Jay Flewelling

Improv meets ASL

Jay Flewelling and Blake Wales want to unite deaf and hearing audiences

When actor Blake Wales first watched a performance by the improv comedy group J Names, he was deeply impressed. There was just one problem. He wished that his father, who is deaf, could have the opportunity to enjoy the show.

“I remember thinking, ‘This would be amazing if my dad could laugh with a hearing audience,’” Wales says. “That’s something a lot of deaf people don’t get to do.”

Now they can. Since last year, Wales has been working with J Names—and the group’s founder, Jay Flewelling—as an ASL interpreter. It’s a challenging and rewarding job that takes all of Wales’ skills as both an ASL speaker and an improv performer (as play-goers who attend the group’s Friday show at Curious Comedy Theater can see).

“’This is amazing. Why aren’t more people doing it? When are you doing it again?’ Those are the questions that I get after I do a show with J Names,” Wales says. “Hearing that need just made me more inspired to respond to it.”

The J Names Group. Photo: Andy Batt

J Names is one of the best-known improv groups in Portland, and Flewelling—who has also worked with Wales at Oregon Children’s Theater—jumped at the chance to expand their audience. “No one has been as excited about this as Jay has,” Wales says.

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Going with the flow

Oregon Children's Theatre's team Impulse creates improv at its best. Here's a review of the show—and a look behind the scenes.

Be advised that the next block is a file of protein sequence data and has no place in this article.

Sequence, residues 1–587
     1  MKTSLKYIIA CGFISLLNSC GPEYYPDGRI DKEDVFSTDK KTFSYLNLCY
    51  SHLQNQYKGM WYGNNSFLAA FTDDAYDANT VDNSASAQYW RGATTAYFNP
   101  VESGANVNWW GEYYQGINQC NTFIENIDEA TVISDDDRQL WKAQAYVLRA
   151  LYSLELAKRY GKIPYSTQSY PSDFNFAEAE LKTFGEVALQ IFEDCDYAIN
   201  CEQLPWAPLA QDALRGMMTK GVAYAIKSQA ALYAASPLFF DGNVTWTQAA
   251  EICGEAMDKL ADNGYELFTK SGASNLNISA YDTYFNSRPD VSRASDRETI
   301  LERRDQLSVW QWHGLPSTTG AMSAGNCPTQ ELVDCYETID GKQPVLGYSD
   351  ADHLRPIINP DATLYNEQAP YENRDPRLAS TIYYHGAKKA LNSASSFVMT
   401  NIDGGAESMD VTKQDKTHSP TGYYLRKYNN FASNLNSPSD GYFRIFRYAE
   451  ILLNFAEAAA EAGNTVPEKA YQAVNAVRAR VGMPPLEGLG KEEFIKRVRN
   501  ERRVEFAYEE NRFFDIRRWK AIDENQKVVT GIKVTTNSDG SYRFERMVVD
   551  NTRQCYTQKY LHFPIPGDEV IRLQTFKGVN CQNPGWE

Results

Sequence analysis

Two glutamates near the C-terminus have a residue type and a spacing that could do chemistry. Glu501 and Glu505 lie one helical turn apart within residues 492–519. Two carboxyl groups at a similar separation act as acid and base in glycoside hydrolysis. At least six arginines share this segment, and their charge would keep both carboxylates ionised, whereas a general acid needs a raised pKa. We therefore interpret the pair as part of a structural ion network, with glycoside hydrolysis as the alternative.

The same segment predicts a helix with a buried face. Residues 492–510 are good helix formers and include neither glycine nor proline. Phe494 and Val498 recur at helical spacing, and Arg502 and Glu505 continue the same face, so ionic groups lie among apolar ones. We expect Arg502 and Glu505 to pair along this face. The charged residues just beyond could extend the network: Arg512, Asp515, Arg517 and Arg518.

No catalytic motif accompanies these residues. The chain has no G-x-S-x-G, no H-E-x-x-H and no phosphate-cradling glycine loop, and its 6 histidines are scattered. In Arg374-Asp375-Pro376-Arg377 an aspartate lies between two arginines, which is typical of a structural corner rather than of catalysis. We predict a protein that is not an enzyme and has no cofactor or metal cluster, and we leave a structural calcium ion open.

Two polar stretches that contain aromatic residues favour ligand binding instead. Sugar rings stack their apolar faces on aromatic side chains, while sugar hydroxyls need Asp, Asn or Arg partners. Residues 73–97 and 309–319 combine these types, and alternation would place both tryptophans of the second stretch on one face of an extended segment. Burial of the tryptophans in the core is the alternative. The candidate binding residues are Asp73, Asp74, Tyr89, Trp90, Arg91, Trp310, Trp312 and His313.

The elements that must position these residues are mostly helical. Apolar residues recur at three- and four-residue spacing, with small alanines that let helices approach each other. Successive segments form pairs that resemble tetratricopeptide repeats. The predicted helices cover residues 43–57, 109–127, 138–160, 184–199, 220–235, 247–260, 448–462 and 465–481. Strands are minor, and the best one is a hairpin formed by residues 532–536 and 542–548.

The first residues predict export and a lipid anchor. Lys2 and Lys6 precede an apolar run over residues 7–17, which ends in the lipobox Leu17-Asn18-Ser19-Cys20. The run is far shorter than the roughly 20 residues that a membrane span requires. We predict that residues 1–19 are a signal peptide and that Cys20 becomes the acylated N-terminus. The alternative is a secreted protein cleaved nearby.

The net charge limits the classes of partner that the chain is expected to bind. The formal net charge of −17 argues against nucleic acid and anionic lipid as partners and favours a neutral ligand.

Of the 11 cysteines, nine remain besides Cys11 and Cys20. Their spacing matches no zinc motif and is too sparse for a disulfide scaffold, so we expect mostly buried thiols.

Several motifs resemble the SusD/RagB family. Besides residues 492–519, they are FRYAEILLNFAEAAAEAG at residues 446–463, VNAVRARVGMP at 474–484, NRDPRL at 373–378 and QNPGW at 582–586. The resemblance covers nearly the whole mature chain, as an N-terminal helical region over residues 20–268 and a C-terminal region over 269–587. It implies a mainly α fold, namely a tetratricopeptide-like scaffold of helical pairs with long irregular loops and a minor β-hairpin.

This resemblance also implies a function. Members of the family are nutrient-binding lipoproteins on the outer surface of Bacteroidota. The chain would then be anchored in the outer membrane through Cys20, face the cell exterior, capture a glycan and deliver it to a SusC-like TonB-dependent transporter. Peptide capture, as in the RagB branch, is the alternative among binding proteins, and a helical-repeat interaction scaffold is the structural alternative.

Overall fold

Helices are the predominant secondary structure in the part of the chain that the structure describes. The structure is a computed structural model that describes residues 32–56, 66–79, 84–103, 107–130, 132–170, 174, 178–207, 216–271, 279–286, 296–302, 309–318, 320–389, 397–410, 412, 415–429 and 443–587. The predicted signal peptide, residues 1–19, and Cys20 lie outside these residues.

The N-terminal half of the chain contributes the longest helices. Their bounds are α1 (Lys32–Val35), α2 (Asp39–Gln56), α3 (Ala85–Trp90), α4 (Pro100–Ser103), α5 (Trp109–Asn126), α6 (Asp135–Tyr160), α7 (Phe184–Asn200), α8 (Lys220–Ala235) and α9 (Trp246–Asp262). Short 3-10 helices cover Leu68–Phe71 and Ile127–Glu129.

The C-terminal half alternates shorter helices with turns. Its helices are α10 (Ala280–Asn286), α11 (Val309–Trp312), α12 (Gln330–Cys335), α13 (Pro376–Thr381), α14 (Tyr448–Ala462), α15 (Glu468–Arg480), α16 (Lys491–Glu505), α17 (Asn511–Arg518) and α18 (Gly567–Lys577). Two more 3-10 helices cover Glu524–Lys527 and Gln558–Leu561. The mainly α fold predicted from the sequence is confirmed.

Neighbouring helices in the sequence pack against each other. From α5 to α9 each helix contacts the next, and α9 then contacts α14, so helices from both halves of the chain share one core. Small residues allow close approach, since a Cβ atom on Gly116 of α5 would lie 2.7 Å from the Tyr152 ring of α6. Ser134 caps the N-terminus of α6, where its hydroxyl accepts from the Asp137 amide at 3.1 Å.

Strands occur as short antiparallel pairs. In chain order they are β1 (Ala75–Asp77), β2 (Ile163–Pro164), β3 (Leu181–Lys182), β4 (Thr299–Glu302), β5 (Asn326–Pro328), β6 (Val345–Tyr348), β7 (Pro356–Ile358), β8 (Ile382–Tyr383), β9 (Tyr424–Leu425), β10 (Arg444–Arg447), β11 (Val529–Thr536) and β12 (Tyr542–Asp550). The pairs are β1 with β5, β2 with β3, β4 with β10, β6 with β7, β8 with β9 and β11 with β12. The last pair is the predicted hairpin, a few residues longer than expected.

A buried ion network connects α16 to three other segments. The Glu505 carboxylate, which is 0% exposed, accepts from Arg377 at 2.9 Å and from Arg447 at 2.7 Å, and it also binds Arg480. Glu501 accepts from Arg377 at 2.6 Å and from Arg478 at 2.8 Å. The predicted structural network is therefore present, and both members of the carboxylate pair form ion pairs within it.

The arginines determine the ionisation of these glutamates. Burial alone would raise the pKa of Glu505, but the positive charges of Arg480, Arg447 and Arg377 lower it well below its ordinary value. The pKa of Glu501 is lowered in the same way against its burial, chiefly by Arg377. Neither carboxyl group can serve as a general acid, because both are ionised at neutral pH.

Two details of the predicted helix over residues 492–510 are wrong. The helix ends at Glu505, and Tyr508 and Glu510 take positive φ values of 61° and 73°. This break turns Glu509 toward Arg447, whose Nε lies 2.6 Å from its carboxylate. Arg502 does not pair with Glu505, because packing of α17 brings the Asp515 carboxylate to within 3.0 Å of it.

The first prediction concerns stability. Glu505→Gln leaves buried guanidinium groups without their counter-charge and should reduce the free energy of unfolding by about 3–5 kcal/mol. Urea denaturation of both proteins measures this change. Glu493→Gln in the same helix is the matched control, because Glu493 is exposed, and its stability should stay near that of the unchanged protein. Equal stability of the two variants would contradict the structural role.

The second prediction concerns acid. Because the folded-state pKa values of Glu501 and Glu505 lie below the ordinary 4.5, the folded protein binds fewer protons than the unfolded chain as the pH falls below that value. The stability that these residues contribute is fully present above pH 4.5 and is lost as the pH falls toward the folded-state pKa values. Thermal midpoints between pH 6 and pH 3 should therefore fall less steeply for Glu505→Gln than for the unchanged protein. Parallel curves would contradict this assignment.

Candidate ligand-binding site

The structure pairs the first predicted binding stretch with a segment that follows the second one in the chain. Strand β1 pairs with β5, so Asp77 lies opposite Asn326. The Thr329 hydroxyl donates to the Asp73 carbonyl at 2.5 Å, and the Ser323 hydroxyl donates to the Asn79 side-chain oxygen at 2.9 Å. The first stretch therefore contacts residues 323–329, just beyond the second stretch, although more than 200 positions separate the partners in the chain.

You know an actor means business when he refers to the 2014 movie Whiplash (about a face-slapping, chair-throwing jazz conductor) as a model of a tough but successful learning experience. That’s what Hank Sanders, 17-year-old member of Oregon Children’s Theatre‘s improv team Impulse, did when I asked him about the group. “We read a book about how the best practice isn’t fun,” says Sanders. “So while I might not be always smiling and happy and be like, ‘Wow, I cannot wait for rehearsal,’ I think that’s a good sign and that we’re the best we’ve ever been.”

He has a point. Impulse’s 2018 show is improv at its finest—smoothly executed by well-trained performers, yet with a sense of weirdness that can only come from trusting your gut. I first encountered Impulse when I watched a rehearsal last month and the versatility I witnessed (the actors dreamed up comedic skits on the spot about everything from Batman to carpeting) is fully displayed in the show.

Impulse comedy-improv team 2018. Photo: Blake Wales

Impulse is a part of OCT’s Young Professionals Company, a year-long advanced acting program for students ages 14-18. The Impulse shows combine games with short and long scenes, which use audience suggestions as inspiration (the actors ask the audience beautifully bizarre questions such as, “Would you like to see a scene about a broken ruler or a crying student?”). This year’s performers are Sanders, Bryce Duncan, Isaac Ellingson, Devlin Farmer, Emma Fulmer, Nate Gardner, Onar Smith, Emma Stewart and David VanDyke.

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